Job Interview TipsJob interviews can be stressful and nerve racking — especially when you really need a job.

But even though we all need a job, there are always parts of the process that are just plain annoying. To help make things easier — and to give you a leg up on the competition — here are the 3 things people hate most about job interviews and how you can overcome them.

Problem 1: Researching the company.

The solution? Look at the corporate filings for company research.

Most interviews are won and lost long before they start. But how do you prepare the right way? Where do you find the type of information that makes you stand out as a candidate?

Well, if you’re applying for a position at a public company, then you can check their SEC filings and other corporate documents. Buried in the summaries and outlines of these reports are often golden nuggets of information that can spark the perfect question for you to ask or the right approach that you should take.

Make sure you check the Annual Report, Proxy Statement, and 10-K. These documents don’t qualify as leisure reading, but they can work wonders if you’re looking for a way to do excellent research on the company.

Problem 2: Negotiating for a higher salary.

The solution? Ask the salary range long before the conversation comes up.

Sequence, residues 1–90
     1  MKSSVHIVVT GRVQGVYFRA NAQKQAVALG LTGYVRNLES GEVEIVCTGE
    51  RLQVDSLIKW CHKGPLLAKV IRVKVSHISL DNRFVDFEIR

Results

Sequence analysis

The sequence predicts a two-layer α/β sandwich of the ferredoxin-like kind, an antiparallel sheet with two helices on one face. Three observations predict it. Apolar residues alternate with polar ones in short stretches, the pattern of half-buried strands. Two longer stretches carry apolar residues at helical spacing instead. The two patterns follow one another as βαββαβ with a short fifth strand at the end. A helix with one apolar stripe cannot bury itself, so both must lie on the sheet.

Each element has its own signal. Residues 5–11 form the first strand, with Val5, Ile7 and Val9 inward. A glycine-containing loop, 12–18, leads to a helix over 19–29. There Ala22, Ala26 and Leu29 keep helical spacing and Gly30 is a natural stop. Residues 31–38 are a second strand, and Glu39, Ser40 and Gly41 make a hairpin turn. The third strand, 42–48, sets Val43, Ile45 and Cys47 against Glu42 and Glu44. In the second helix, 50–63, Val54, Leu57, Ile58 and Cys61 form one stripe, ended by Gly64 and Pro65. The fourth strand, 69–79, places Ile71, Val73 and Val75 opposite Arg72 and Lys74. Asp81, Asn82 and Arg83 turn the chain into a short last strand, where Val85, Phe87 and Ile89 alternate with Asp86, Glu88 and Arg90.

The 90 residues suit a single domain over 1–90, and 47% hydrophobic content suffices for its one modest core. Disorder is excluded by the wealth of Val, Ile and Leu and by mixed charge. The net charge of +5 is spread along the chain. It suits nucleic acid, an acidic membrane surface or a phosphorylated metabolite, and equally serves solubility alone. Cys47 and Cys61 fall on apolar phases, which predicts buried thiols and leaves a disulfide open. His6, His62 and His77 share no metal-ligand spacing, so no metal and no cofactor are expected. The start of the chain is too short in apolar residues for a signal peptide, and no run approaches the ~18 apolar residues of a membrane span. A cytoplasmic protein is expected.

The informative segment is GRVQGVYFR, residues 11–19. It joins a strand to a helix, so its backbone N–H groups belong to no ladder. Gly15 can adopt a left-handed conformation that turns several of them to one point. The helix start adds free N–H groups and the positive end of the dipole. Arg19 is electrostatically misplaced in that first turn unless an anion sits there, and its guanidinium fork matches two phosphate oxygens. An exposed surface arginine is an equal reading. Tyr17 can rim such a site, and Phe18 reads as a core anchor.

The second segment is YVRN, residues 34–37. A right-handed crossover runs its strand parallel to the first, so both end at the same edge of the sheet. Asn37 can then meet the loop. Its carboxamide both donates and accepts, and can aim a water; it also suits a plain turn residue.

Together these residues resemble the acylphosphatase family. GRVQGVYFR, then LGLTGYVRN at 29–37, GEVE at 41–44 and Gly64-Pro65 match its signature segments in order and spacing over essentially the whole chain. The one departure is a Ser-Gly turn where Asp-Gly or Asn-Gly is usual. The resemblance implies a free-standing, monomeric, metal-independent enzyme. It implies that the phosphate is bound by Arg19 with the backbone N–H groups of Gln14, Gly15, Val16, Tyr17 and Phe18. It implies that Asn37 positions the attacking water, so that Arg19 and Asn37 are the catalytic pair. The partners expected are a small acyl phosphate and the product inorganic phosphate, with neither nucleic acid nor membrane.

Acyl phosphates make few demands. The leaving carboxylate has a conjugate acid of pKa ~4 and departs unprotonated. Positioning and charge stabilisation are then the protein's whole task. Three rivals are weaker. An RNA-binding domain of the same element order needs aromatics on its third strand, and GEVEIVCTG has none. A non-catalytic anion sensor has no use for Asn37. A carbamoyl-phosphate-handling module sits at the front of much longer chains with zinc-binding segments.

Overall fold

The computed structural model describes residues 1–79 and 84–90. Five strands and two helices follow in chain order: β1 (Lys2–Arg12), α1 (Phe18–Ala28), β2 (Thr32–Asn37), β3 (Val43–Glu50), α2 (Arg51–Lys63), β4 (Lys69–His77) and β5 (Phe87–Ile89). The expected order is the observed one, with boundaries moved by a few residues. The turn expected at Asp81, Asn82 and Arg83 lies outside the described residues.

Usually, we put off talking about salary for as long as possible and then panic when it comes time to have the conversation.

Most candidates are ill-prepared for a salary negotiation, and so they end up leaving money on the table. Plus, it can make us feel awkward if we argue for more money.

Instead of waiting until the conversation comes up, take the initiative and ask about salary the first time you meet a recruiter. This could be at a networking event or the day of your job interview before things get started.

A simple phrase like, “What is the salary range allocated for this position?” will give you all the information you need to haggle your way to the top of the range and get the pay you deserve.

Problem 3: Answering the question, “What are your weaknesses?”

The solution? Choose a technical skill that is unrelated to the job you are applying for…

This is a classic interview question that most of us hate to answer. Usually, people will say a strength that isn’t really a weakness, “Oh, I work too hard sometimes…” or they will choose a general statement that reflects poorly on them, “Hmm, I suppose I have trouble saying no…”

Instead of relying on statements like these, you can clearly answer the question by mentioning a more technical skill that you simply haven’t learned yet and then talk about why that pushes you towards the job you’re applying to get.

For example, “Well, accounting really isn’t my thing. I understand the basic idea behind book keeping, but I don’t really get the nitty-gritty details. Of course, that’s also why I’m applying for this job in human resources. I think it leverages my strengths and steers clear of the technical skills that I haven’t learned yet… like accounting.”

An answer like this does reveal a genuine weakness, but if you pick a skill unrelated to the job you are applying for then it is unlikely to hurt you as a candidate.

Want even more?

Of course, there are a lot more than just 3 difficult pieces of a job interview. If you’re looking for even more advice, then check out this full list of 99 job interview tips.

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